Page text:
In 1954–55 the first so-called offshore island crisis took place between the United States, the People’s Republic of China (PRC), and the Republic of China on Taiwan (ROC) when the PRC launched attacks on several islands just off its coast that were under the control of the ROC.
As a compelling version of history tells it, the administration of President Dwight Eisenhower, a president known for his talent at card games, only appeared to call the PRC’s bluff by threatening their country with a nuclear attack. Following the departure of ROC troops from some of the islands, the Communist Chinese abandoned whatever aim they may have had to conquer the most important of these territories before trying again in 1958 and reaching almost the same result.
The full story is naturally more complicated. One of the reasons Eisenhower was so good at playing cards – contract bridge and poker, mainly – was that he constantly counted the cards so as to calculate the percentages and the odds in his mind. So, too, did he do in this instance.
He did it by bolstering his power of empathy – standing in the other guy’s shoes, as he liked to say – with hard information. One of the lesser-known things that happened during the crisis was a visit to Hawaii by Eisenhower’s staff secretary, General Andrew Goodpaster, to question in person the US Commander-in-Chief of the Pacific, Admiral Felix Stump, and his staff. Eisenhower did not want to recall the admiral to Washington for fear of drawing too much attention, but he wanted to hear directly about the ROC’s capacity to defend the most critical islands. So he sent the man known as his alter ego. Goodpaster questioned Stump and came away with the information that the islands could be well defended with a few weeks of preparation, and that therefore there was little chance the PRC would succeed in taking them after that point.
Today the news pages are full of stories about another likely attack by the PRC on these and possibly other islands, as well as on Taiwan itself. It’s hard to know what to make of these speculations because they are made with wildly different opinions, ranging from the certainty that Xi Jinping is determined to reunite Taiwan with the PRC come hell or high water, to the opposite certainty that Xi would never be so foolish as to start a world war over an accommodation that will probably happen someday anyway, which is to say, it’s all an invented crisis in the minds of Western warmongers.
In truth, it’s not easy to read the minds of people presumed to be planning a war, but social scientists offer several predictive models and theories we might choose from. Not surprisingly, there are great disagreements among these specialists over exactly what the Chinese are planning, how to deter them from aggression if they are indeed planning it, and so on. Speculation is no less interesting for being shrouded in the language of behavioral and other sciences, but it’s still speculation. As General Goodpaster liked to say, you won’t get very far if your strategy rests on programming the mind of an adversary.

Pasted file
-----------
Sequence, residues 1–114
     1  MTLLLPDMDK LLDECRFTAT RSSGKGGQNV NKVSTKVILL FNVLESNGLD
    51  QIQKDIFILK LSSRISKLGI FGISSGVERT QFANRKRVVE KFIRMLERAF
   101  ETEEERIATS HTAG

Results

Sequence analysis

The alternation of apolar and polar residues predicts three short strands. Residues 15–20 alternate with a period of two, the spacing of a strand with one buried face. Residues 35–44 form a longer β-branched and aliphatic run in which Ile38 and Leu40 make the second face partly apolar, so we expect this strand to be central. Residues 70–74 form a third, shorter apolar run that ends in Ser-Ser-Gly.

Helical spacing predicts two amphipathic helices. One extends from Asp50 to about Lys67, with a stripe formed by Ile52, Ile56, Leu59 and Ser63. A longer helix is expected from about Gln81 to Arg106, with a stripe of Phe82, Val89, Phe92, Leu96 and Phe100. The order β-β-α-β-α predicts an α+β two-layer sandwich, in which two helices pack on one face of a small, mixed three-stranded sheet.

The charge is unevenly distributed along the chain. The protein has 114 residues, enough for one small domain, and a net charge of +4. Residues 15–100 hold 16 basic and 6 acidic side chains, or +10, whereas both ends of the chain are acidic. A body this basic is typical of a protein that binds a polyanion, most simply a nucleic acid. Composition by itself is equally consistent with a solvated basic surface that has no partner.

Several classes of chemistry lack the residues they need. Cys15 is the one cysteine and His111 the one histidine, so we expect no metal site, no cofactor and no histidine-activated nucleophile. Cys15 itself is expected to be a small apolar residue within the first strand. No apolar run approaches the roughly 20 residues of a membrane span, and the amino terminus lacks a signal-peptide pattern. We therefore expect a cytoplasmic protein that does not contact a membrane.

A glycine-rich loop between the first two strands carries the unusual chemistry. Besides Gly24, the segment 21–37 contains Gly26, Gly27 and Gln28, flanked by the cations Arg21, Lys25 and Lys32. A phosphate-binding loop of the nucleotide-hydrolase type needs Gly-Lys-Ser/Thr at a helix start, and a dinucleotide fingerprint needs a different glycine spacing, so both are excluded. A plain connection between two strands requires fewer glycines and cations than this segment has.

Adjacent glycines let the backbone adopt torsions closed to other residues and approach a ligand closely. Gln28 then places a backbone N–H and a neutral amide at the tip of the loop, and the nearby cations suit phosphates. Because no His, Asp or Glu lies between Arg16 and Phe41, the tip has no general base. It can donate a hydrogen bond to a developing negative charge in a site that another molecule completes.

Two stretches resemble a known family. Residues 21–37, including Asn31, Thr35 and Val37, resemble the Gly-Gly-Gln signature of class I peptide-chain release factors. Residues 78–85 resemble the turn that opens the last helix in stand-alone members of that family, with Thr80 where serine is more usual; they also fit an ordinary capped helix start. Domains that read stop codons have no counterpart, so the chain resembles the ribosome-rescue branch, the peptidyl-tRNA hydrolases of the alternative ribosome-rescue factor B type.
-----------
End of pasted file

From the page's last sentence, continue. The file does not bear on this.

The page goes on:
For all the news pages or the experts know, the Chinese may be following a different method. Perhaps they aren’t interested in territory so much as longevity, that is, to play out the possibility of a conflict for as long as it’s possible for most people in the world to come around to seeing things their way regarding unification. That objective would at least be consistent with what some people believe their objectives to have been in earlier island crises: to probe, to test, and to withdraw by way of a strategic surrender in order to be better positioned later on. Thus no amount of transforming Taiwan into a heavily-armed “porcupine” will make a real difference. The Chinese don’t need to be deterred in this way.
By contrast, if Chinese President Xi Jinping really is as determined as others say he is to attack Taiwan, then no mustering of ballistic quills there is likely to stop him. And if his country’s military is also so keen to take this risk, an attack which following this chain of logic almost surely wouldn’t stay limited to Taiwan, then one has to ask what the point is of trying to convince them otherwise.
If Eisenhower were in charge today, he’d probably ask that question, continue counting the cards, and then reach a decision based not on what he imagines Chinese aims to be, but instead on what his own country’s aims ought to be in this part of the world amid as accurate an assessment as possible of each nation’s military capacity, much as he had asked General Goodpaster to obtain from Admiral Stump. Only then would he have decided the manner and timing of implementing that decision.
Other people in China and Taiwan and elsewhere may have other ideas. But that needn’t stop the US government from making up its own mind. “I’ll just confuse them” may have worked for Eisenhower in dealing with the press, but in private, he was clear that Taiwan could defend those islands.